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Cancer Cell death Cell cycle Cytoskeleton Exo/endocytosis Differentiation Division Organelles Signalling Stem cells Trafficking
Cell Biology International (2009) 33, 1222–1229 (Printed in Great Britain)
Stimulation of the side population fraction of ATDC5 chondroprogenitors by hypoxia
Koshi N. Kishimotoa*, Carol L. Oxfordb and A. Hari Reddia*
aCenter for Tissue Regeneration and Repair, Department of Orthopaedic Surgery, School of Medicine, University of California at Davis, Sacramento, CA 95817, USA
bOptical Biology Core Facility, Department of Pathology, School of Medicine, University of California at Davis, Davis, CA 95616, USA


The influence of oxygen tension on the side population (SP) fraction sorted from ATDC5 chondroprogenitor cells was investigated. ATDC5 cells cultured in normoxia (20%) or hypoxia (1% oxygen) were compared. The SP fraction was significantly higher in the cells cultured in hypoxia. The gene expression of 3 ABC transporters, abcb1a/b (mdr1a/b) and abcg2 (bcrp1) was quantified by RT-PCR. SP cells were characterized by the higher expression of abcb1a. The expression levels of abcb1b and abcg2 were higher than abcb1a. However, there was no significant difference between SP and non-SP fractions in the expression of abcb1b and abcg2. The telomeric repeat amplification protocol assay showed that SP cells tended to show lower telomerase activity than non-SP cells. Chondrogenic properties of ATDC5 cells derived from SP or non-SP were assessed by micromass culture. There were not significant differences between SP and non-SP derived cells in Alcian blue staining and sox9, Aggrecan, Col2a1 and SZP mRNA expression. The results demonstrate that the SP fraction was stimulated by hypoxia and chondrogenic properties of SP and non-SP fraction of ATDC5 cells were similar.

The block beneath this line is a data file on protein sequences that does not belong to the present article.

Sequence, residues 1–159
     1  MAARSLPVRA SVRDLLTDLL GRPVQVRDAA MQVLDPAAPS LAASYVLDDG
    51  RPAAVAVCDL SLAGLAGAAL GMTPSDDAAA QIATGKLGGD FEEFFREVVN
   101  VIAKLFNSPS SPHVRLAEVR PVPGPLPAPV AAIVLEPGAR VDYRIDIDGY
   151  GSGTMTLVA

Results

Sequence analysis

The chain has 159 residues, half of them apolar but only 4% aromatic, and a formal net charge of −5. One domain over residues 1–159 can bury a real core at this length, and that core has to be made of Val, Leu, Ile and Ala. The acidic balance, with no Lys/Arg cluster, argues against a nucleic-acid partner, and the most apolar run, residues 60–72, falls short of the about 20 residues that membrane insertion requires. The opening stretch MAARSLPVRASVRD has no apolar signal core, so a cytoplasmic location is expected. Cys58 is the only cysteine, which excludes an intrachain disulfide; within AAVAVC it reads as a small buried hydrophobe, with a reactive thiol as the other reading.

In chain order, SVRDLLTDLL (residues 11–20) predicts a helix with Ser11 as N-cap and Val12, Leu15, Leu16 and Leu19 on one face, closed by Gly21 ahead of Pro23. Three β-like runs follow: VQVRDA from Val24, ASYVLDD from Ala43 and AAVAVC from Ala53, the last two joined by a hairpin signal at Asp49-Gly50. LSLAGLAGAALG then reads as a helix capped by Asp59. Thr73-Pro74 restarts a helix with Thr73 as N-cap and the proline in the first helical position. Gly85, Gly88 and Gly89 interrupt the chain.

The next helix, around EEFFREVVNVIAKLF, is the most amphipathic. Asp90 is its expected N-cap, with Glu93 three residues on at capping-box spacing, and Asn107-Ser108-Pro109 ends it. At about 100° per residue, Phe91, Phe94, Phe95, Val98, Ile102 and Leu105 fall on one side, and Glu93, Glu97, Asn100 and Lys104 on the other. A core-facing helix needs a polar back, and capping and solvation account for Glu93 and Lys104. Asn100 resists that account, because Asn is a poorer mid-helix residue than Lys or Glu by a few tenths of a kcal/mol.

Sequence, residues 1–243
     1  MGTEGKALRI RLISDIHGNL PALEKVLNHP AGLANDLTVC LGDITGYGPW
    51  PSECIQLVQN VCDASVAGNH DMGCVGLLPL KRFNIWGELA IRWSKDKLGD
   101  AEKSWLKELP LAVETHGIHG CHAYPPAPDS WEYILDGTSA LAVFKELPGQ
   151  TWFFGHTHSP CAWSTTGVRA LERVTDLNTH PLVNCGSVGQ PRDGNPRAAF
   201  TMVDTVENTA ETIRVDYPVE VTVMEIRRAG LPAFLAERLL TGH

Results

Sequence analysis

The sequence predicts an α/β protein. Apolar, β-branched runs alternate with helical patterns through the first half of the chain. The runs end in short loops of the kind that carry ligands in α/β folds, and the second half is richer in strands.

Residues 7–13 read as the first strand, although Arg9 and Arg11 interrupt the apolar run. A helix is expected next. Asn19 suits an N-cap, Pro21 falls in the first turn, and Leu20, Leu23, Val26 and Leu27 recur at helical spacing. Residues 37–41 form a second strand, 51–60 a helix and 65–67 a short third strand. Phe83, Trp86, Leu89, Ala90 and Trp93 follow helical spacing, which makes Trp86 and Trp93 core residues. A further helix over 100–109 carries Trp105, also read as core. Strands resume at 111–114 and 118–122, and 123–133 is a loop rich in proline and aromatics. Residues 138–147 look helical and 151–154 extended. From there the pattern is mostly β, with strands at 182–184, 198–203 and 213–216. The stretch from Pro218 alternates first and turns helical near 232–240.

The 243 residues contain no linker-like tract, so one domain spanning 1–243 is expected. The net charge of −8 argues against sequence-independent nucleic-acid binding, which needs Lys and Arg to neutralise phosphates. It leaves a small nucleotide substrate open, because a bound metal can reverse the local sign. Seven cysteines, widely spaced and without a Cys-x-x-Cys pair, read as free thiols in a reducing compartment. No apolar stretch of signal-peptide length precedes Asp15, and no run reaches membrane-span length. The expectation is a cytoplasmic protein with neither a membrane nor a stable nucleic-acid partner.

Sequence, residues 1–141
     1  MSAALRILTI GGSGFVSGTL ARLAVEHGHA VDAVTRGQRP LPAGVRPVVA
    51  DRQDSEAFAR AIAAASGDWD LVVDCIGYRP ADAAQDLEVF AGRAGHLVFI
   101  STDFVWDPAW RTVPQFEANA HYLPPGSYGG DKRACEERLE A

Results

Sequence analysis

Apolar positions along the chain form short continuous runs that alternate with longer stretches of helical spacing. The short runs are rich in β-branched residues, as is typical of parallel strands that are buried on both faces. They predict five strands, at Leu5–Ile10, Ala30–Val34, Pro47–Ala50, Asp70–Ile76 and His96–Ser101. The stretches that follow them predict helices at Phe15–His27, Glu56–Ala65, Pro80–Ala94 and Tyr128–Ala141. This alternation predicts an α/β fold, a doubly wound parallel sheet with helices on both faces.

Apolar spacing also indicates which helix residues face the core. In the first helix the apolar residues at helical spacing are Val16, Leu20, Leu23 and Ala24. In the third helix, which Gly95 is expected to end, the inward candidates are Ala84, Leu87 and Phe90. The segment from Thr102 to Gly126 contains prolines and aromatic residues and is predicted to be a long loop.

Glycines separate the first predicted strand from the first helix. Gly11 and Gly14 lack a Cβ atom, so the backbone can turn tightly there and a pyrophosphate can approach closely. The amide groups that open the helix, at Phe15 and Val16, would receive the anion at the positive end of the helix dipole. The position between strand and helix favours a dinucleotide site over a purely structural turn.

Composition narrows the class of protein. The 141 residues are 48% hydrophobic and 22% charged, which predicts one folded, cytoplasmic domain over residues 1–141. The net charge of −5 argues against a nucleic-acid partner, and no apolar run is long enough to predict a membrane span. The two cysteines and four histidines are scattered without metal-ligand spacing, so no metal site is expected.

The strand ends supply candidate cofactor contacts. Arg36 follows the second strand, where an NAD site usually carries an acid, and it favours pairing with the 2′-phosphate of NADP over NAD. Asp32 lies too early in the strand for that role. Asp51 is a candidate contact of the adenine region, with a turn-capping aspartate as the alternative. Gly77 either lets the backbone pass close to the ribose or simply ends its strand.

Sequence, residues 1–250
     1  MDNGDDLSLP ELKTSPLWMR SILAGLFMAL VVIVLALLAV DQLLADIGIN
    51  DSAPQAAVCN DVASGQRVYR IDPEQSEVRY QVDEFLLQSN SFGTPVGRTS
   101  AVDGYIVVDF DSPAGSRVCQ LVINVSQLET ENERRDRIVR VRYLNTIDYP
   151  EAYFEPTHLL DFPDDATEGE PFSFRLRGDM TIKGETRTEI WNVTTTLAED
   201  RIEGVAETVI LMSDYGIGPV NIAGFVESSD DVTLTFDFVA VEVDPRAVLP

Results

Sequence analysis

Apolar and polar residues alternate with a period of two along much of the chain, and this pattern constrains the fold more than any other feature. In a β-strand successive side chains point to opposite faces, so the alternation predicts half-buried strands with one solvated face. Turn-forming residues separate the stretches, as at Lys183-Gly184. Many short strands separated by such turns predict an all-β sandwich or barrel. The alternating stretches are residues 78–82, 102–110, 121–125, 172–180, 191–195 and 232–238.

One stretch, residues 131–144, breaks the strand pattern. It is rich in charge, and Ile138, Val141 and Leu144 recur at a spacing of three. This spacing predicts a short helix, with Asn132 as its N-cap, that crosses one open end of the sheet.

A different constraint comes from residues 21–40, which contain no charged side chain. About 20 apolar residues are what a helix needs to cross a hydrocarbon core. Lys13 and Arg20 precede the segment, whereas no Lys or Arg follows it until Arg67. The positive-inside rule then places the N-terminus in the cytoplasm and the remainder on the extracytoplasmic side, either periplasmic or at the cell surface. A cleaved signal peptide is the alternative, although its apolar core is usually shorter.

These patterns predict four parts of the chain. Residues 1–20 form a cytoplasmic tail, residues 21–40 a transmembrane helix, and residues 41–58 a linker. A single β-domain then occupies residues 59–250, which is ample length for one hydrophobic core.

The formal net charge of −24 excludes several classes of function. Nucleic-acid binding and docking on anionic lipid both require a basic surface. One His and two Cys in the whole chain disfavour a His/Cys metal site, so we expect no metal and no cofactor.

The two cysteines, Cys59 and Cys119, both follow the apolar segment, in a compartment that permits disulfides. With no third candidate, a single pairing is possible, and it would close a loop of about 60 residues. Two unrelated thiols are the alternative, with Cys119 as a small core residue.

Key words: Side population, Stem/progenitor cells, ABC transporter, Telomerase activity.

*Corresponding authors. UC Davis Medical Center, Res Bldg I Rm, 2000 4635 Second Avenue, Sacramento, CA 95817, USA.

Received 13 September 2008/18 March 2009; accepted 3 June 2009


ISSN Print: 1065-6995
ISSN Electronic: 1095-8355
Published by Portland Press Limited on behalf of the International Federation for Cell Biology (IFCB)